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NCAA Tournament Sweet 16 Preview: North Carolina Tar Heels vs. Butler Bulldogs

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UNC has to take on a tough Butler team in Memphis.

NCAA Basketball: NCAA Tournament-Second Round-Butler vs Middle Tennessee James Lang-USA TODAY Sports

Late into the game last Sunday, it looked like North Carolina’s season was on the verge of ending. A late run managed to get the Tar Heels over the line and into the Sweet 16. Considering the situation UNC was in, it’s fortunate that they are here. However, it’s not going to get any easier.

Waiting for them in the regional semifinal in Memphis is Butler. The Bulldogs went 25-8 this season, picking up wins over 11 tournament teams in the regular season.

The received the #4 seed in the South region and beat #13 Winthrop and #12 Middle Tennessee in their opening two games. They were in control for most of the Winthrop game, and only a garbage time rally by the Eagles got the final margin to 12 points. Against Middle Tennessee, the Bulldogs never trailed, but never truly put the game away until late.

Butler’s leading scorer and rebounder is Kelan Martin, who goes for 16.0 points and 5.8 rebounds per game. The junior forward can also step out and hit 35.2% from three, attempting a little over five threes per game.

Funnily enough, Martin leads both categories despite coming off the bench. Martin was a preseason first team All-Big East player, but following a loss to Creighton on January 31, he has come off the bench. However even while coming off the bench, he still plays starter-level minutes.

More players to watch for the Bulldogs are Andrew Chrabascz and Kamar Baldwin. The senior forward Chrabascz is Butler’s second leading scorer at 11.1 points per game. Baldwin averages 10 a game on 49.3% shooting as a freshman.

There’s Avery Woodson, who goes for 8.9 per game, but is a 42.9% three-point shooter. Former NC State guard Tyler Lewis is also still around, playing 21.8 minutes a game for the Bulldogs. Butler is a fairly balanced team.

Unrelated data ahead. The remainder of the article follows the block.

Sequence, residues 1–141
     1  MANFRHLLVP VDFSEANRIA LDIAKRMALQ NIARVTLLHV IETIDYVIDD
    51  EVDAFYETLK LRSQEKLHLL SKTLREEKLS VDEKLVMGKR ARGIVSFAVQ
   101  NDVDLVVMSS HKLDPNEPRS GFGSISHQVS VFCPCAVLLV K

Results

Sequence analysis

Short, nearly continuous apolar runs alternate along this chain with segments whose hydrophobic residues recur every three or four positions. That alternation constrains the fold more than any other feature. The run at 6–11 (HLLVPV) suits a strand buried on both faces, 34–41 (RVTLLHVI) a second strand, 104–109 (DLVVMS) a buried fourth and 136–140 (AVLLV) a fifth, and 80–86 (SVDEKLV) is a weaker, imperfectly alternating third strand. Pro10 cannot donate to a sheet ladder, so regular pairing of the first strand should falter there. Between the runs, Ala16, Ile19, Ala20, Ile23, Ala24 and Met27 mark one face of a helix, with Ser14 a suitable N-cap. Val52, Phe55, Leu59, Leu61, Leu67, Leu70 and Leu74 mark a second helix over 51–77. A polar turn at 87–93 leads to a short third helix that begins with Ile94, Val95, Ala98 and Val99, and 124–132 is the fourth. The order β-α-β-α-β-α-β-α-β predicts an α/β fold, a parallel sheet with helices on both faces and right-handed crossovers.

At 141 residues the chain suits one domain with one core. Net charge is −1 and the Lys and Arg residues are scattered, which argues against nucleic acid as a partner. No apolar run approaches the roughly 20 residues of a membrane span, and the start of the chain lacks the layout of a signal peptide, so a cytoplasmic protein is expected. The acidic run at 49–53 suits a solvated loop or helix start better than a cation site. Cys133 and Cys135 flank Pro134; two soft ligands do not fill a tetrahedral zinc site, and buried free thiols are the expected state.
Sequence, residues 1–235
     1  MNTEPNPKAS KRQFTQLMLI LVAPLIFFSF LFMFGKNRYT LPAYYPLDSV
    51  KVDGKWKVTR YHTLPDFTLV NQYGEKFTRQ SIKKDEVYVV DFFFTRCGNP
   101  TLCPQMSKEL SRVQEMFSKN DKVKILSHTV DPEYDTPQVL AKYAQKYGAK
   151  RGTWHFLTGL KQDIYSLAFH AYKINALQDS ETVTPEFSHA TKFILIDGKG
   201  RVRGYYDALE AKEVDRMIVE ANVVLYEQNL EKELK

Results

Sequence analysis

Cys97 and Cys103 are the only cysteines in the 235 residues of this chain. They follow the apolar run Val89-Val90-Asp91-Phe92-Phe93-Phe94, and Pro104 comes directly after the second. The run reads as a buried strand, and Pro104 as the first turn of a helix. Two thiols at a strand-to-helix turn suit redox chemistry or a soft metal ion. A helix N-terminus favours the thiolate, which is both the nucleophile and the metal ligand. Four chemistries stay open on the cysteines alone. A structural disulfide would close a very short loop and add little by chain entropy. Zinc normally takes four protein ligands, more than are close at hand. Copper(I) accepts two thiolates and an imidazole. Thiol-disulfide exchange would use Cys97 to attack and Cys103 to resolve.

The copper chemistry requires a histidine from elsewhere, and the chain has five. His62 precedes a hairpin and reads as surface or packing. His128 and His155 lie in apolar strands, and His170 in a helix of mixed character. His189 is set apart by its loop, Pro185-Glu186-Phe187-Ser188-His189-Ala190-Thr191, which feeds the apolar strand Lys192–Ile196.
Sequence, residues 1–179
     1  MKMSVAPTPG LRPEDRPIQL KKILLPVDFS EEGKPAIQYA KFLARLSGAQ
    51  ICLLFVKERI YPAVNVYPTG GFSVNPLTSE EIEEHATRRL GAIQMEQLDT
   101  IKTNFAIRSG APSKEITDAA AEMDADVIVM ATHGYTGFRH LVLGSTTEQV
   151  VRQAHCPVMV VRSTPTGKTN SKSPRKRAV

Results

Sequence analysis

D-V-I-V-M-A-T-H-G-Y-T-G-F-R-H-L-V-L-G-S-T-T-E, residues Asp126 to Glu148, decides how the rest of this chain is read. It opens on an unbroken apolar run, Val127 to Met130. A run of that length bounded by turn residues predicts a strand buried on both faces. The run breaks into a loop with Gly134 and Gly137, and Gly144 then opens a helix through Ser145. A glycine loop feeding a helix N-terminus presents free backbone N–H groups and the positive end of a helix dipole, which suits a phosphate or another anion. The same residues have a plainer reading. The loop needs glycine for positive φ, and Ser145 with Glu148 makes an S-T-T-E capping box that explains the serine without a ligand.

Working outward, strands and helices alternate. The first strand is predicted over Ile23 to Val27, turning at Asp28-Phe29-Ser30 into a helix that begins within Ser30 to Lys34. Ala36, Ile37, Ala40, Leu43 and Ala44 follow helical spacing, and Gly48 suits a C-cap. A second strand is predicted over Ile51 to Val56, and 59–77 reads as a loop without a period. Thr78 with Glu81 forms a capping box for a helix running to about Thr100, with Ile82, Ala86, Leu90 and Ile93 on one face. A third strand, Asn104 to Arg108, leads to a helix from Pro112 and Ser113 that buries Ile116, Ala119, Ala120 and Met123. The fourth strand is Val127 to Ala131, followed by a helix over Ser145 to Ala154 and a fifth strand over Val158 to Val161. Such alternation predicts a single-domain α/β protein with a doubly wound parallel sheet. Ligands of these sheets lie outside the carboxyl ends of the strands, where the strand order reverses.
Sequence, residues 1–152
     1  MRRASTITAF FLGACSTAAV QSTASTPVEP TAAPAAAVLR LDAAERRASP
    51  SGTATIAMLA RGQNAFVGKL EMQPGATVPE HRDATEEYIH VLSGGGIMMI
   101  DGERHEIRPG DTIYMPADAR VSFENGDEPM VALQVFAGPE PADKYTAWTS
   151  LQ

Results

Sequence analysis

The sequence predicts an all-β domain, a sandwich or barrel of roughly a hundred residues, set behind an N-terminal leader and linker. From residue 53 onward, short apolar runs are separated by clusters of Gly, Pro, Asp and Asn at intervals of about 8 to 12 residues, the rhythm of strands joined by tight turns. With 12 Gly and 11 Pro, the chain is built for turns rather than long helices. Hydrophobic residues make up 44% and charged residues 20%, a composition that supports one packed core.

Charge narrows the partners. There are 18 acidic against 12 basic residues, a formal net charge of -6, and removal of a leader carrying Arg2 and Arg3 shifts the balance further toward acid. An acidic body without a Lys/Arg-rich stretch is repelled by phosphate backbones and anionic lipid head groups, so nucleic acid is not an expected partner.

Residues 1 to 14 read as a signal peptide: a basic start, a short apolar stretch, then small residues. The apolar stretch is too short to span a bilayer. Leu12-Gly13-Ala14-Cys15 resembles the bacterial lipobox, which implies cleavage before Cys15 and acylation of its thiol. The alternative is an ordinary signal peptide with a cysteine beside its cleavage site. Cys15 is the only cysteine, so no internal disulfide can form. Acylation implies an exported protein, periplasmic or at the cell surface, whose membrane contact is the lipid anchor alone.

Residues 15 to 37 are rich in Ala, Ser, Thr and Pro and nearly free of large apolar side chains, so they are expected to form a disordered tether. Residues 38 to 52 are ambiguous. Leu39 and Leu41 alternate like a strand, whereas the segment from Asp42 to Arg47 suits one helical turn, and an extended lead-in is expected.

Butler is going to try and keep the pace pretty slow, as that is what they do. They are the 289th ranked team in terms of tempo at Kenpom. They’re not quite Virginia slow (literally no one is), but they also aren’t going to try and run with Carolina.

One thing Butler has been pretty good at this season is limiting opponent’s rebounds. This season they’ve allowed opponents getting just 24.5% of offensive rebounds. They themselves don’t get a lot of offensive rebounds, but that probably has to do with wanting to get back on defense to control the pace.

The Bulldogs have also won the last two meeting against North Carolina. In 2014, Butler beat UNC in the Bahamas 74-66, while in 2012 Butler won against them in Maui 82-71. Martin, Chrabascz, and Tyler Wideman remain for the Bulldogs from the 2014 win. The main thing Butler did in both of those wins was control the glass. Both of those Butler teams were one of the country’s best rebounding teams, while this year’s seems not quite at that level.

A big advantage North Carolina will have is size. 6-10 Nate Fowler plays 12 minutes a game, but the rest of Butler’s regulars are 6-8 and under. The Bulldogs allow opponents to shot over 50% from two, which is a pretty good thing if UNC can get the ball to their bigs.

Butler’s offense is a solidly efficient one. They’re not elite from three, but can knock them down. They’re middle of the pack in free throw attempts per game. They do most of their damage inside the arc.

If North Carolina manages to play the game at their pace, then they should have success. If Butler does slow it down, the Tar Heels can still have success. If UNC can get the ball into Kennedy Meeks, Isaiah Hicks, and the bench bigs, Carolina should be able to do work inside. Butler may be good at limiting rebounds, but they not as good as either of the previous Bulldog teams that beat UNC.

If North Carolina gets over reliant on the three, they could easily get tripped up. UNC can be a pretty good three-point shooting team, but Butler isn’t going to let them get easy looks. Also if the Carolina big men get in foul trouble or can’t assert themselves on the boards again, Butler has the team to punish them.

Odds are when you reach the Sweet 16, you’re going to have to face a good opponent. Butler is definitely that.